Nexium in Details Nexium FAQ Nexium is a rather effective drug for dealing with stomach acid related conditions. But there are a lot of common questions people ask about Nexium and we are here to answer them in a comprehensive way. Nexium FAQ Nexium will relieve reflux problems Nexium is a prescription medication that is aimed at dealing with acid reflux problems effectively. Learn how Nexium can actually help you get rid of these problems effectively and with ease. Nexium will relieve reflux problems Nexium explaining different heartburn types Nexium is a rather effective medication for dealing with various types of heartburn problems. But before you actually start using Nexium make sure that you know what types of heartburn are there. Nexium explaining different heartburn types Nexium articles What are Nexium’s benefits Nexium is one of the most effective medications for dealing with heartburn problems. It works by reducing the acid production in the stomach which is the leading cause for heartburn and similar symptoms. Nexium can be very beneficial for a range of stomach related conditions where excessive acidity causes unpleasant sensations. And you generally can eat all you want while taking Nexium.

Nexium causes bad calcium absorption

It doesn’t matter whether you’re talking about aspirin or a powerful, prescription-only medication, there’s one consistent rule. Unless you have your doctor’s approval, it’s unwise, and sometimes dangerous, to take the drug for too long. The main reason is the effect called tolerance. When you first start taking a “foreign” substance, it comes as a shock to your body. All the automatic systems for deciding whether this is a dangerous invading substance come into play. Because of all the work done in the clinical trials, most people find their body accepts the drug and it then works its magic with few side effects. Slowly, the body adapts to this new substance. As it grows used to having it floating around in the bloodstream, the effect of the drug gently reduces. This gives you a choice. You can either stop taking the drug before it loses it effect altogether, or you can increase the dosage. This increase works for a while but, as tolerance builds up, you are on a slippery slope. The more you increase the dosage, the greater the risk you will become dependent on it. This involves complications should you wish to stop. There will be unpleasant withdrawal symptoms unless you taper the dosage and wean yourself off.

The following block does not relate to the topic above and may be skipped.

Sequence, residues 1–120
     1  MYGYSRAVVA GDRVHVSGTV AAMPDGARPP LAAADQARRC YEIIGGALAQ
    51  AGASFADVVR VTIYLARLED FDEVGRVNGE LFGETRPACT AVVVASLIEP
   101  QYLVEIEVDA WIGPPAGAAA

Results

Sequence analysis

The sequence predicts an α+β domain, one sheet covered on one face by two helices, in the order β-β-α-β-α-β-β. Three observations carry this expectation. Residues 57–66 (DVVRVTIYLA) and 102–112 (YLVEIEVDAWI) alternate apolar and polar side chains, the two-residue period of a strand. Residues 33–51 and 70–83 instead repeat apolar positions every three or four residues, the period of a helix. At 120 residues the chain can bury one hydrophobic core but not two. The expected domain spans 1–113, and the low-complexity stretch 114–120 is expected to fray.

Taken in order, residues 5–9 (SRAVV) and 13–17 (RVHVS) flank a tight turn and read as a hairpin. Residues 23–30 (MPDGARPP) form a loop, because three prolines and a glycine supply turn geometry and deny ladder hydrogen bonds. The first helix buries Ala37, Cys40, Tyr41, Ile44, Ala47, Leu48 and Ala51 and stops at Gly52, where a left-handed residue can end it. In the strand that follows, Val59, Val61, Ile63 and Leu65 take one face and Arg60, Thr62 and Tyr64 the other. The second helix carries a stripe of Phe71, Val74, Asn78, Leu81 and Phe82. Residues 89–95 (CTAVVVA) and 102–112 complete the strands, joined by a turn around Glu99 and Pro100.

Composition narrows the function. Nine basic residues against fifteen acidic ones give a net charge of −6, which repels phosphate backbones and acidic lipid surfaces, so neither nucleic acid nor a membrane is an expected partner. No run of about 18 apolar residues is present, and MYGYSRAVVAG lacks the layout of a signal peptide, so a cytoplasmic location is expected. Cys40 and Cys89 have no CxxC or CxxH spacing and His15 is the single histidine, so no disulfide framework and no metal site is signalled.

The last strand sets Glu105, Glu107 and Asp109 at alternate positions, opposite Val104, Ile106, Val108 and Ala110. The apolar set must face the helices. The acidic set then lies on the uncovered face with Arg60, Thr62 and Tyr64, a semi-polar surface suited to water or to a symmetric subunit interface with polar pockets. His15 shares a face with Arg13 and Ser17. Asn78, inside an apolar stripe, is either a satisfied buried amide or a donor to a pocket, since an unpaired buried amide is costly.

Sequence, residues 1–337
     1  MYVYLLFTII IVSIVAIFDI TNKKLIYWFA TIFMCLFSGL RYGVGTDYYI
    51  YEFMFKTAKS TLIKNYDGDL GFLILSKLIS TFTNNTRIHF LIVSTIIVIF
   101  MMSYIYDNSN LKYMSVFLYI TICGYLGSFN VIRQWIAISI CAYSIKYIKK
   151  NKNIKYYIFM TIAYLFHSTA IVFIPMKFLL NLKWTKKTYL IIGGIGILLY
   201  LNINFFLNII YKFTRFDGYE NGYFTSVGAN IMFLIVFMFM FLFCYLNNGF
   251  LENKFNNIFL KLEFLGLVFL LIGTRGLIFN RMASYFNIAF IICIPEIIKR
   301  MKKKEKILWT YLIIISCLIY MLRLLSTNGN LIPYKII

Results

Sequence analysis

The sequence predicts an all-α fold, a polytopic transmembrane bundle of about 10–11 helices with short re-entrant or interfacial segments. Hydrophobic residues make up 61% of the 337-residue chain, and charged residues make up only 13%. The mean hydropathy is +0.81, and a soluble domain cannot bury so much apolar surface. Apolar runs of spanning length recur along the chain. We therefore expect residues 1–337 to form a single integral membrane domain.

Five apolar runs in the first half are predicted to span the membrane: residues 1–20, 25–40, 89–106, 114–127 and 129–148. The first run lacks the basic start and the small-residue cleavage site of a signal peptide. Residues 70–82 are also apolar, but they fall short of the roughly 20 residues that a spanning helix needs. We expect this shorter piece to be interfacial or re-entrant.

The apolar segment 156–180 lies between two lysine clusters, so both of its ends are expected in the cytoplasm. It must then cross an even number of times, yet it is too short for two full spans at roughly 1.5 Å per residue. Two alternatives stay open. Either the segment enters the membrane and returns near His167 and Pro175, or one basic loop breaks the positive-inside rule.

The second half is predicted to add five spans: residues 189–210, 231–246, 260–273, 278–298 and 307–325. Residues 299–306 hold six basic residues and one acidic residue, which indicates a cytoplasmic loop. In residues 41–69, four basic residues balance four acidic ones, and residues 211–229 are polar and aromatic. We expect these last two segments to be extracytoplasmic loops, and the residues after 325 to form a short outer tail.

The proton pump inhibitors (PPIs) are not addictive in this sense. Indeed, for many years, these drugs were considered completely safe, but there’s increasing evidence of a long-term problem. To extract energy from the food you eat, there must be a good balance between the gastric acid, which is actually quite a strong hydrochloric acid, and the enzymes to process the dissolved food. If the body consistently produces too little acid, this can change the range of nutrients, vitamins and essential chemicals extracted. If the body does not receive the expected nutrients, the body can be damaged.

The new evidence is emerging among older women who have been taking PPIs for more than one year. Menopausal women over 50 are at risk of osteoporosis as the level of calcium falls in the bone structure. It’s now becoming clear this fact has hidden the effect of PPIs. It seems long-term use slows down the rate at which the body absorbs calcium. This results in sometimes quite serious fracture as women slip and fall. The most obvious areas at risk are the wrist, elbow, and hip. Depending on the direction of the fall, any other fragile bones may be damaged. As a result, doctors are now reviewing whether PPIs should be prescribed over longer periods of time for older women.

If this applies to you, make an appointment to discuss alternative approaches to managing the problem of acid reflux. There are reasonably straightforward options in changing diet and making lifestyle changes. These may now be considered the better way of avoiding further problems of heartburn. For men, it seems Nexium may still be considered reasonably safe over long-term use although, for the sake of safety, it may be worth considering whether to take a calcium supplement as you age. All this should highlight an important truth about drugs. Nexium was licensed for short-term use. The FDA suggested a limit of three months. If you are taking it for longer, this may not be risk free.

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